Communications in Mathematical Sciences
Volume 21 (2023)
On connection among quantum-inspired algorithms of the Ising model
Pages: 2013 – 2028
Various combinatorial optimization problems can be reduced to find the minimizer of an Ising model without external fields. This Ising problem is NP‑hard and discrete. It is an intellectual challenge to develop algorithms for solving the problem. Over the past decades, many quantum and classical computations have been proposed from physical, mathematical or computational views for finding the minimizer of the Ising model, such as quantum annealing, coherent Ising machine, simulated annealing, adiabatic Hamiltonian systems, etc. Especially, some of them can be described by differential equations called quantum-inspired algorithms, which use the signum vector of a solution of the differential equations to approach the minimizer of the Ising model. However, the mathematical principle why the quantum-inspired algorithms can work, to the best of our knowledge, is far from being well understood.
In this paper, using Morse’s theory we reveal the mathematical principle of these quantum-inspired algorithms for the Ising model. It shows that the Ising problem can be designed by minimizing a smooth function, and those quantum-inspired algorithms are to find a global minimum point of the smooth function. In view of this mathematical principle, it can be proved that several known quantum-inspired algorithms: coherent Ising machine, Kerr-nonlinear parametric oscillators and simulated bifurcation algorithm, can reach the minimizers of the Ising model under suitable conditions. Moreover, we discuss the uniqueness of minimizers for the Ising problem in some senses, and give a sufficient condition to guarantee that the Ising model has a unique minimizer, that is, there is only a pair of minimizers with opposite signs.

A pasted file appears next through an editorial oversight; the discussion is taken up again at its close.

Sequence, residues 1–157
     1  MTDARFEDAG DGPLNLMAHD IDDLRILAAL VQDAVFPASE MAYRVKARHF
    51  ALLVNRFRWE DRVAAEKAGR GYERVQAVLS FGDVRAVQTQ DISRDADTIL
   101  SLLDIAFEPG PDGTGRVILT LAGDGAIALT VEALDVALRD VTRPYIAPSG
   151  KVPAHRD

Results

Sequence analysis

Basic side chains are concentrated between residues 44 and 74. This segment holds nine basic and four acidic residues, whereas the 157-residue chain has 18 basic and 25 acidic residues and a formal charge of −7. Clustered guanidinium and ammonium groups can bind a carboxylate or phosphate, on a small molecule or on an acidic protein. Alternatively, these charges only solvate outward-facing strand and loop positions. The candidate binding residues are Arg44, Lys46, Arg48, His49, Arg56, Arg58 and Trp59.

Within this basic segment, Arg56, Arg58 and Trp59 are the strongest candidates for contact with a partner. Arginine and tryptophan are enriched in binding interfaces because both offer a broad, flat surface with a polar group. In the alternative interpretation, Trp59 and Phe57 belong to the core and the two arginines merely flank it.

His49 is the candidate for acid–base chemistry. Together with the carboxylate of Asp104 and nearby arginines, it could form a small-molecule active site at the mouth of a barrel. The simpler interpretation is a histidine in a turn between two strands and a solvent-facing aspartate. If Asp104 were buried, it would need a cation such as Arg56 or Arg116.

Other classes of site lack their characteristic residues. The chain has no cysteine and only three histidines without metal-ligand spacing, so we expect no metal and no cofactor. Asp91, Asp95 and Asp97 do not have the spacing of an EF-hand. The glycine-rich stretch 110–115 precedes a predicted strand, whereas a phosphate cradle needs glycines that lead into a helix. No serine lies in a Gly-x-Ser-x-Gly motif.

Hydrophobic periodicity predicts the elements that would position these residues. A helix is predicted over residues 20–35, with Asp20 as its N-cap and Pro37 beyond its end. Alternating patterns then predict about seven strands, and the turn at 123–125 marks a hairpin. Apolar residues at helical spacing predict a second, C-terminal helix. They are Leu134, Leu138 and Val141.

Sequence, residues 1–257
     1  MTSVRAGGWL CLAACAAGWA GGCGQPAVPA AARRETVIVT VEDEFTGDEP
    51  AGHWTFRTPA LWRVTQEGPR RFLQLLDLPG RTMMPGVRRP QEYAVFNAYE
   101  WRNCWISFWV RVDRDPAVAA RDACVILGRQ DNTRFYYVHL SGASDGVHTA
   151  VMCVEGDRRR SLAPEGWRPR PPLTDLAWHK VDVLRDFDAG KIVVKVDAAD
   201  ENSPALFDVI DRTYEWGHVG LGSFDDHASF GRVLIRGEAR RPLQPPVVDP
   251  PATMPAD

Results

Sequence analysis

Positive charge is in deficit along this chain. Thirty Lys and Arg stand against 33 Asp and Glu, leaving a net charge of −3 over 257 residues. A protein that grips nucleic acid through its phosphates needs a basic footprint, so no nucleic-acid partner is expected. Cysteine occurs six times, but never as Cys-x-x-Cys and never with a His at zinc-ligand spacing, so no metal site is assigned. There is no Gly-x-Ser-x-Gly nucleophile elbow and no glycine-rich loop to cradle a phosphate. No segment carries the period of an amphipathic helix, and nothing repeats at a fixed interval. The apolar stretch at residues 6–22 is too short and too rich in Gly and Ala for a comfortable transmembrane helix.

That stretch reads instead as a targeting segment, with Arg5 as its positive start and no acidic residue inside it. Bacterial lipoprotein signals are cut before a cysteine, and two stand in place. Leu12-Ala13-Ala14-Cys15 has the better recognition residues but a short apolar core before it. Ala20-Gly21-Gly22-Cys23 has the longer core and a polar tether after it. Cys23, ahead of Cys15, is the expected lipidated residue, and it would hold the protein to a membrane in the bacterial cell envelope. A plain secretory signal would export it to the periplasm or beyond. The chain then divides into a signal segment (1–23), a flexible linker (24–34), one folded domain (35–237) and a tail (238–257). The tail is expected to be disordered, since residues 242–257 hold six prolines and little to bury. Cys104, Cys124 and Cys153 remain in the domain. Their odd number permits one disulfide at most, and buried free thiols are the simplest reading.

Ising problem, quantum-inspired algorithms, Morse theory, mathematical principle
2010 Mathematics Subject Classification
37J05, 58E05, 65P99, 90C27
The first three authors are partially supported by the Innovation Program of Shanghai Municipal Education Commission No. 2021-01-07-00-02-E00087. Bowen Liu was partly supported by the NSFC (Nos. 12101394, 12171426), Science and Technology Innovation Action Program of STCSM (No. 20JC1413200).
Received 10 June 2022
Received revised 6 January 2023
Accepted 29 January 2023
Published 9 October 2023